"This is literally just a few people talking about it for a brief time every day on their spare time. That’s the flat earth movement" - Tom Bishop

Offline Dionysios

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Re: FE Conference Denver
« Reply #22 on: December 05, 2018, 11:31:11 PM »
Thank you for the recap, Dionysios. That was really interesting to read about.

Much appreciate. There are more worthwhile and interesting aspects I can mention, but I’d first like to mention an idea I’ve got because of its potential.

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Re: FE Conference Denver
« Reply #23 on: December 05, 2018, 11:44:45 PM »
Thank you, Dionysios. Perhaps I will go to next year's.

Next year’s major USA conference will be in Dallas. The Canadian FE 2019 conference will be in Toronto. FYI, there will also be a California flat earth conference in Yorba Linda (L.A. area) in late February 2019 (around the corner).

I’ve got an idea. Tom, I have to say if it becomes feasible even if it means the 2020 conference, then you should be a speaker - especially on Rowbotham and on anything else you saw fit. You’ve got the quality of information & Robbie Davidson has the platform. If that connection was made, then we all benefit.

As far as that goes, I wouldn’t mind speaking myself about Cosmas Indicopleustes. I plan to do a follow-up tape recorded lecture in Oregon focusing on Cosmas Indicopleustes in two parts:
1) history of ancient flat earth belief
2) the ancient Christian model characteristics and their continuance through Middle Ages and contrast with Rowbotham model

Re: FE Conference Denver
« Reply #24 on: December 05, 2018, 11:46:20 PM »
FYI, there will also be a California flat earth conference in Yorba Linda (L.A. area) in late February 2019 (around the corner).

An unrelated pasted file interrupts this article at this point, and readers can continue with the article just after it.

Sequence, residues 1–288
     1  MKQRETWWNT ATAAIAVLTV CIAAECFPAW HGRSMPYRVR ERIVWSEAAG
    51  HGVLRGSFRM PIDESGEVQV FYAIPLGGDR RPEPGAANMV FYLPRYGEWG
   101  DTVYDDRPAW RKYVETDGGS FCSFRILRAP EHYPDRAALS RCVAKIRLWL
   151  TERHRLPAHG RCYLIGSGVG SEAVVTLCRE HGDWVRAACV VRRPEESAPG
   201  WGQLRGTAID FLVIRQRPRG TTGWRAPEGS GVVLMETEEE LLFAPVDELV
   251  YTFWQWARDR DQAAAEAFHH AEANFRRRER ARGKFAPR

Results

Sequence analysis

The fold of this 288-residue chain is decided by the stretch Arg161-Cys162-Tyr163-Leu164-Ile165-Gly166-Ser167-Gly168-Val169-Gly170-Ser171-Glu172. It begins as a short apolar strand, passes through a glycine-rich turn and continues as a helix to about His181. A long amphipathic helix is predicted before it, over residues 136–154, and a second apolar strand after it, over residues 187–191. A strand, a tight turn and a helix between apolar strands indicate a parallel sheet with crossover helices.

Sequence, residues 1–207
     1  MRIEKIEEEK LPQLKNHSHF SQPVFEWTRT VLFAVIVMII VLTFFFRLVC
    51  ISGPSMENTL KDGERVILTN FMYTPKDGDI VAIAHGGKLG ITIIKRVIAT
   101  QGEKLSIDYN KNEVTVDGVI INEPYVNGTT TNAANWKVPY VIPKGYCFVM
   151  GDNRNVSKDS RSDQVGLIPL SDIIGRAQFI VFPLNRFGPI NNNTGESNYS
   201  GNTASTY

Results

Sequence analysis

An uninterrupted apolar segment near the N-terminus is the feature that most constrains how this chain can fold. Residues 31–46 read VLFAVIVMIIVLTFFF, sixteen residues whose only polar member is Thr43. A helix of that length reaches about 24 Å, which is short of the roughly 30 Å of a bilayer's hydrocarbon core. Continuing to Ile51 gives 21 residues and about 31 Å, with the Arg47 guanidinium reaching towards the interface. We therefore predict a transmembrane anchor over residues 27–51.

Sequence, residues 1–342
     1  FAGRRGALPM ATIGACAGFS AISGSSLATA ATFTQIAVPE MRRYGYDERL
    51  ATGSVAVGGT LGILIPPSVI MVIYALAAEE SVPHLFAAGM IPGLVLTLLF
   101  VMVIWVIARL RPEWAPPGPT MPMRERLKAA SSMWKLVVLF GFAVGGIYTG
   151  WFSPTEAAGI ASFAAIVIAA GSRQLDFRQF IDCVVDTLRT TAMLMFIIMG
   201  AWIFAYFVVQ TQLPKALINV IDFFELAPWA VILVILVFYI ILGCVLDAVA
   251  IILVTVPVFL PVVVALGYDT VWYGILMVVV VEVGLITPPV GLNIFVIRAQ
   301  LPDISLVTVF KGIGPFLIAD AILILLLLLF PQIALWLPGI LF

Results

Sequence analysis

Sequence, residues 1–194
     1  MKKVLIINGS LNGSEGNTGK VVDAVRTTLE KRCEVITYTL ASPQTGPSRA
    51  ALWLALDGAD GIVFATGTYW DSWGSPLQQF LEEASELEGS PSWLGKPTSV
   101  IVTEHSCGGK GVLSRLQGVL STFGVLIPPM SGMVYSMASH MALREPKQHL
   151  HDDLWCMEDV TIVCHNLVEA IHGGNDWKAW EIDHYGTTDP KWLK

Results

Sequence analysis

Depending on the price of admission, I'll go to that.

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Re: FE Conference Denver
« Reply #25 on: December 06, 2018, 02:02:18 AM »
FYI, there will also be a California flat earth conference in Yorba Linda (L.A. area) in late February 2019 (around the corner).

Depending on the price of admission, I'll go to that

Judging by the lineup of speakers, the Yorba Linda, CA conference will be bible heavy compared to the big one in Denver which had a more even distribution.  Especially, Jeran Campanella from California (Bay area) and David Weiss of NYC (both agnostic) were in Denver but will be absent from this one. Just FYI.

Yorba Linda, CA FE Conference
Speaker Roster
http://www.qe2019.com/speakers1

http://www.qe2019.com
« Last Edit: December 06, 2018, 02:09:20 AM by Dionysios »

Re: FE Conference Denver
« Reply #26 on: December 06, 2018, 02:37:21 AM »
The "bible heavy" thing doesn't bother me. I'm evangelical non-denominational Christian (Calvary Chapel) though not fundamentalist and a little bit of a progressive renegade among the congregation. So I'm comfortable with Young Earth Creationists and literalists even if I don't subscribe to that brand of Christianity and scripture interpretation myself. I just would like to lurk.

But this looks to be much more than a flat earth conference. They're scheduled to cover quite a litany of subjects. I don't think I want to wade through the whole Question Everything slate. We'll see.

Edit: Nope. Too expensive for the merely curious.
« Last Edit: December 06, 2018, 02:41:27 AM by Bobby Shafto »

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Offline Tom Bishop

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Re: FE Conference Denver
« Reply #27 on: December 07, 2018, 06:13:17 PM »
I’ve got an idea. Tom, I have to say if it becomes feasible even if it means the 2020 conference, then you should be a speaker - especially on Rowbotham and on anything else you saw fit. You’ve got the quality of information & Robbie Davidson has the platform. If that connection was made, then we all benefit.

As far as that goes, I wouldn’t mind speaking myself about Cosmas Indicopleustes. I plan to do a follow-up tape recorded lecture in Oregon focusing on Cosmas Indicopleustes in two parts:
1) history of ancient flat earth belief
2) the ancient Christian model characteristics and their continuance through Middle Ages and contrast with Rowbotham model

That sounds interesting, and I wouldn't mind speaking to them. However, the main barrier I have noticed is that Robbie seems to disparage the Flat Earth Society. His openings tend to include the "we are not the FES, they try to discredit FET with their accelerating earth theory" stump speech. And I've heard things along the lines of "we all hate the FES" from some of those speakers on a couple of occasions. I believe that those claims are unfounded, and some sort of reconciliation and better understanding needs to take place.